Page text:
Remember when so many of us called Yasser Arafat a moderate?
Remember the delight watching Arafat and former Prime Minister Yitzhak Rabin shake hands on the White House lawn?
Remember those Jews who at the time warned everyone that Arafat was a terrorist and couldn’t be trusted?
Remember how we ignored these warnings?
Well most of us have been heeding those warnings for a few years now, after hanging on by our fingernails to the hope that Arafat would eventually turn pragmatic and reach a peace agreement. And for those holdouts, all they need do is look at this week’s headlines.
Arafat is now suggesting a new leadership arrangement with Hamas and Islamic Jihad, two of the largest terrorist groups in the Mideast who have been responsible for the slaughter of innocent Israelis, including women and children.
So what should we think about the many apologies Arafat has issued each time a bus of Israeli civilians was blown up by a suicide bomber? There is no way he can be regretful and at the same time offer Hamas and Islamic Jihad a space in his bed.
His offer to join with Hamas and Islamic Jihad means there is no Palestinian group to negotiate with that doesn’t have blood on its hands.
Of course, some will say that Arafat is only joining the militants because he saw the handwriting on the wall. He is fast losing his following among Palestinians while the militant groups are becoming more popular each day. Such a merger was inevitable or the Palestinian Authority would become a meaningless relic.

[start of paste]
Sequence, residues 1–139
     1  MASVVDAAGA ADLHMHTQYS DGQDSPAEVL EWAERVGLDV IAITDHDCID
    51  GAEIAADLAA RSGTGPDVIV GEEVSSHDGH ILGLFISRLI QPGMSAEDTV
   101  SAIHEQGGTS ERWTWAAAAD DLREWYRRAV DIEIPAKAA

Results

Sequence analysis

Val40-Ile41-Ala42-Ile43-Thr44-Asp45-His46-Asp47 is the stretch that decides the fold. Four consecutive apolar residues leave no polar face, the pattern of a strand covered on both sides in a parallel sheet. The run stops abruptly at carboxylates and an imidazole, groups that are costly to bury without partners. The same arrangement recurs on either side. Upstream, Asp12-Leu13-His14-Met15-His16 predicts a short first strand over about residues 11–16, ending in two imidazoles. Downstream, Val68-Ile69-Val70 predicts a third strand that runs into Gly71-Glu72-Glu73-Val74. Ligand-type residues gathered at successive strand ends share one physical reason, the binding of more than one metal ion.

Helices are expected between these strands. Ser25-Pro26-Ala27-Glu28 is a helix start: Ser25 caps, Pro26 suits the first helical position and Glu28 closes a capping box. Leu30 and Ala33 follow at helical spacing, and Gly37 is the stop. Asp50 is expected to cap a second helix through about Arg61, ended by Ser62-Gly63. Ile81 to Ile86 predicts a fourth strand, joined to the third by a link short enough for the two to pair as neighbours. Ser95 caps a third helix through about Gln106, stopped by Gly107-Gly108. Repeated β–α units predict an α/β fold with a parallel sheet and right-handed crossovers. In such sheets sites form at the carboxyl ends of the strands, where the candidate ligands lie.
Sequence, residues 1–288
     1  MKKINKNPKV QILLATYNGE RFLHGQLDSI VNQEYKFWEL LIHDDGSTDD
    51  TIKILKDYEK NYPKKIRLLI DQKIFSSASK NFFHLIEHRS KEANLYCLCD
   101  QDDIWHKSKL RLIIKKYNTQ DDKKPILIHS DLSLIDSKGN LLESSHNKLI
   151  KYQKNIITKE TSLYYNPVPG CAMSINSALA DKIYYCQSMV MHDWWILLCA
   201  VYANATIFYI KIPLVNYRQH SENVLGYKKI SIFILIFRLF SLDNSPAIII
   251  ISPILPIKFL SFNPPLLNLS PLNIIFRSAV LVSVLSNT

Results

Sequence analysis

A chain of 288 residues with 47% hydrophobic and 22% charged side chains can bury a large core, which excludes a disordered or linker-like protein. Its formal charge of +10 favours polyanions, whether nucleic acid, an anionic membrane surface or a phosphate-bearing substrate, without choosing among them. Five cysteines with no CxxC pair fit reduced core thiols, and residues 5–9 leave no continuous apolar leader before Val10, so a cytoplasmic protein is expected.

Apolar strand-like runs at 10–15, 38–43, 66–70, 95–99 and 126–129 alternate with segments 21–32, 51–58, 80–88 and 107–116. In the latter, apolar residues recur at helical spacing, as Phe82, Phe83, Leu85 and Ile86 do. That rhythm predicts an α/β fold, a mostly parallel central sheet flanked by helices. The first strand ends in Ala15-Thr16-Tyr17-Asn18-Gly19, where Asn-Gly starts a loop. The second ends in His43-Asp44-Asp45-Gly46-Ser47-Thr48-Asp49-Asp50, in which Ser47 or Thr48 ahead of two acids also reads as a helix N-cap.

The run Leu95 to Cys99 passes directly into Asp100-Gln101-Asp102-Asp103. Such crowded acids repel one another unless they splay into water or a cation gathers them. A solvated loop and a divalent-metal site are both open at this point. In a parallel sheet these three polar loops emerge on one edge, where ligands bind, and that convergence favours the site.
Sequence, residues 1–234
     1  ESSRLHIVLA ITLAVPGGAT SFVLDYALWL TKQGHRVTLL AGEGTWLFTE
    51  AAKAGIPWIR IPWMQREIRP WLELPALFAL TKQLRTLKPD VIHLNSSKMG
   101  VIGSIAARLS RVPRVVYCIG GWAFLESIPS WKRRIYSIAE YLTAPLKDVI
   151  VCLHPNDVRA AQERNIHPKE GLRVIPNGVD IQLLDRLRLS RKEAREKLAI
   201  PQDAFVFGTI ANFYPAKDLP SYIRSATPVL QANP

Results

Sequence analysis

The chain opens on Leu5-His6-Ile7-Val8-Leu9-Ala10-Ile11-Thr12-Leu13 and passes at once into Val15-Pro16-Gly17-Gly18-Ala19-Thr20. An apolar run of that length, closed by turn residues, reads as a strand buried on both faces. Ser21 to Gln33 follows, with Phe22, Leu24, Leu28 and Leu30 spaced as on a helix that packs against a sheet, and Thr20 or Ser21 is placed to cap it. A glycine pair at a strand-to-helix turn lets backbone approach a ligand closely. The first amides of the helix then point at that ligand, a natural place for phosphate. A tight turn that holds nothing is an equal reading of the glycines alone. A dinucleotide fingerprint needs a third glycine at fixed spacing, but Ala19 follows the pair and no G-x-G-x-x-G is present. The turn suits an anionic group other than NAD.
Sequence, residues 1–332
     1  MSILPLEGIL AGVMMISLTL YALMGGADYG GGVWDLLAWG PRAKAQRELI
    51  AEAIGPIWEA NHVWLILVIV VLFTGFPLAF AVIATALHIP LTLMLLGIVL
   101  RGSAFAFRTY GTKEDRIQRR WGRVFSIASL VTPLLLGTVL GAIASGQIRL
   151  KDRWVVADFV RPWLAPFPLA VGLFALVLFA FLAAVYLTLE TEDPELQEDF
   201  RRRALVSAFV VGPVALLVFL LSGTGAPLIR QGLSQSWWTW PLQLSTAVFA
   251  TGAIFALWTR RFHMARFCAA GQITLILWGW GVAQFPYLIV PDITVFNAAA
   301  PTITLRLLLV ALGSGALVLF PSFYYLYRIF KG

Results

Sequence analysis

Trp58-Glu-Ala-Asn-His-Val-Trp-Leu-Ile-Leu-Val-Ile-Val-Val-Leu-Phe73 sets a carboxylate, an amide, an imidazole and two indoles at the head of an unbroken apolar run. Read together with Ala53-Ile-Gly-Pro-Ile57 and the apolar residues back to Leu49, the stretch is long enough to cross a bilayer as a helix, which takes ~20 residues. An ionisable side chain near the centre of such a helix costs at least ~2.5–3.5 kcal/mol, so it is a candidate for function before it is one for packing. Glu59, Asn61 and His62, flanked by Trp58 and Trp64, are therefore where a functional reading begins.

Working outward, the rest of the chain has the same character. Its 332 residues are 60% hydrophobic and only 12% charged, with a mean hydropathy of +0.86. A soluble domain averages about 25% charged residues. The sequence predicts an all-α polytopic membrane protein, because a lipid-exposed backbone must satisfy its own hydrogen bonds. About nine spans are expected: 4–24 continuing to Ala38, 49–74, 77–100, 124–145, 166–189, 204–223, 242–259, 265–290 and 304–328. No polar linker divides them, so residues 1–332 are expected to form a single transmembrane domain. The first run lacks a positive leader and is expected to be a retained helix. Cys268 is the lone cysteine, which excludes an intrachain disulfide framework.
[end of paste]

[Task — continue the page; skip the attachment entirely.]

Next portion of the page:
Plus, Arafat is old and sickly and might not be around too much longer.
However, he did have another alternative. Arafat could have given his string of failed prime ministers some real power. He could have let them run the security forces and manage the corrupt financial structure of the Palestinian Authority. He had good reason to do that.
Under the “road map” peace plan the United States delivered to the Mideast, it was incumbent on the Palestinian Authority to round up militant groups and put their members behind bars. Israel was right in saying there would be no peace negotiations until that happened. Clearly, that path was never considered seriously by Arafat, and his prime ministers weren’t even given the authority to try.
What Arafat may have effectively done this week was to make himself fair game for the Israeli military. Now that there are no illusions about where he stands, some say his name can be added to the list of militants Israel is targeting for elimination.
No matter what, not until the old guard of violent militants is gone will there be any real chance of peace talks.